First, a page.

iVillage Study: Women’s Online Communities Trusted Far More than Social Networks

Women trust other women, but not so much for social networks. That’s the basic premise behind Women Like Me, a proprietary study from iVillage, conducted with Burke. Among its findings:

• 51 percent of respondents said they trust women’s online communities for information on products and brands, compared with 14 percent of social-network users who trust social networks for the same purpose.

• 47 percent of women’s community users say women’s online communities provide connections to the right people for advice on products and brands, versus 16% of social-networks users.

• Women’s communities were the highest-rated measured channel by their users in terms of trust, at 49 percent, with portals at 46 percent, and social networks tallying just 24 percent.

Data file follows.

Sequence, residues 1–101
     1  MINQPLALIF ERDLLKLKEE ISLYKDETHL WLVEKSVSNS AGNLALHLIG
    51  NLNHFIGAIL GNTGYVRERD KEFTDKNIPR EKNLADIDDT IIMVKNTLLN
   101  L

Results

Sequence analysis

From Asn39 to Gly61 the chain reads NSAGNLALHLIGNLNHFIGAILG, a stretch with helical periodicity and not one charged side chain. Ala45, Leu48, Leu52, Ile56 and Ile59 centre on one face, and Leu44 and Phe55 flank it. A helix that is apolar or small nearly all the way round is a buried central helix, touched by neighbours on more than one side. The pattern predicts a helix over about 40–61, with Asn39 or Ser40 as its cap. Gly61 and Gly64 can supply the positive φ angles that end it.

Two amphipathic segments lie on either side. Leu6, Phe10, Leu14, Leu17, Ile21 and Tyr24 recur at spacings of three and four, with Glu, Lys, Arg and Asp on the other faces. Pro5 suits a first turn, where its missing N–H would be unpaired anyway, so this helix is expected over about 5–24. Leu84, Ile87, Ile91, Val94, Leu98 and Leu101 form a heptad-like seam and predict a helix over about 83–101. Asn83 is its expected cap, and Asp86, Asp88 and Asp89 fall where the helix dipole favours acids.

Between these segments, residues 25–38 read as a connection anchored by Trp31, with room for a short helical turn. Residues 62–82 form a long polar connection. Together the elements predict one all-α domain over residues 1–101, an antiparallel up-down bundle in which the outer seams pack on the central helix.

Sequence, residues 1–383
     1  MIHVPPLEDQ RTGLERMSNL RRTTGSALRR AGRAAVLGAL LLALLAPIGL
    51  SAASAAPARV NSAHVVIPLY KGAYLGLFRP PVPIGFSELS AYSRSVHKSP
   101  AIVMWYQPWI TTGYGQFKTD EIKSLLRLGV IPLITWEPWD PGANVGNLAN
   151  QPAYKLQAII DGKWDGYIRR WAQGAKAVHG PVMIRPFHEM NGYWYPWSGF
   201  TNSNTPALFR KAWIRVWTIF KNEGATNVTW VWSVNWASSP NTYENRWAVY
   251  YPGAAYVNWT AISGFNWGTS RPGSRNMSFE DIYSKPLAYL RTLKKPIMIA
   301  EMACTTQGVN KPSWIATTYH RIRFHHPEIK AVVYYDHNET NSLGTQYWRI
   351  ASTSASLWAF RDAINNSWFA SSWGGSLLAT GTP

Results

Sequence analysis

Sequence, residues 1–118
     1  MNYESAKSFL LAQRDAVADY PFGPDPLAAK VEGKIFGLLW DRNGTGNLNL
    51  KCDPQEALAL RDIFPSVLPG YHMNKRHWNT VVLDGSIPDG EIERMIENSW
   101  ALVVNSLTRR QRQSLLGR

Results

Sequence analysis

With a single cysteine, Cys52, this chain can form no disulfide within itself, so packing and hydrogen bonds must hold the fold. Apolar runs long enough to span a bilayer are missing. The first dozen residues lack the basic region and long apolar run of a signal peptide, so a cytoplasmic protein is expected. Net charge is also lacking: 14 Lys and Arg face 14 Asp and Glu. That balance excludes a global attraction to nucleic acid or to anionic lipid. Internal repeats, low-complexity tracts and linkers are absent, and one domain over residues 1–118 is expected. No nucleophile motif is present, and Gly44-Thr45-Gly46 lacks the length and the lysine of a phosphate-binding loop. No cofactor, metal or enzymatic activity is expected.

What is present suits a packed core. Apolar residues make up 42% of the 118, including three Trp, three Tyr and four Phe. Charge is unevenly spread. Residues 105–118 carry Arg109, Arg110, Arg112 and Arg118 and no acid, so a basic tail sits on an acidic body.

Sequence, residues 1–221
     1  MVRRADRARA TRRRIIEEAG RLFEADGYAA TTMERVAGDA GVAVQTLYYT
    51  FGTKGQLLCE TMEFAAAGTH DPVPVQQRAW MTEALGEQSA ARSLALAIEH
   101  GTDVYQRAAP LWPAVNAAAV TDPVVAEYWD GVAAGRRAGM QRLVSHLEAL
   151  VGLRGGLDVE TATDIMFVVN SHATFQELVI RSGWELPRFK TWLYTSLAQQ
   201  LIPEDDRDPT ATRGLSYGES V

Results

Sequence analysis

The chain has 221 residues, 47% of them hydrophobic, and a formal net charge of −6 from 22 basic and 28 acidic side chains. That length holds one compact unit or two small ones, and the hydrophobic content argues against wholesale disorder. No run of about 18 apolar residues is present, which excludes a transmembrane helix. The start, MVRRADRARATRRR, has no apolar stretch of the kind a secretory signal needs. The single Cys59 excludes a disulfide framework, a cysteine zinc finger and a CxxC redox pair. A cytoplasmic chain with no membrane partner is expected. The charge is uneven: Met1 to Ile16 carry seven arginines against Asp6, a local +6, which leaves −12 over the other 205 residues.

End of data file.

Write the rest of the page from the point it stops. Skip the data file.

• In terms of relevance, women’s community users scored 47 percent, compared with 24 percent for portals and 18 percent for social networks.

• In terms of value, the figures were 45 percent, 25 percent, and 15 percent, respectively.

iVillage executive vice president Jodi Kahn said:

Women spend an enormous amount of time online doing their brand homework before they even enter a store. In today’s post-recession world, brand loyalty is at risk, and authenticity is more important than ever. Marketers cannot underestimate the value of a trusted online environment, where women connect with others just like themselves. This is the ideal platform to find engaged consumers, who are more likely to seek brand recommendations and research new products.

VP of research and analytics Jim DeMarco added:

The key to engendering trust and establishing relevance online is aggregating women around the right topics and inviting marketers to be adjacent to that content and part of the conversation. The bottom line is, in order for marketers to instill trust in their own brands, they need to align with media platforms that enjoy a high level of trust among their users.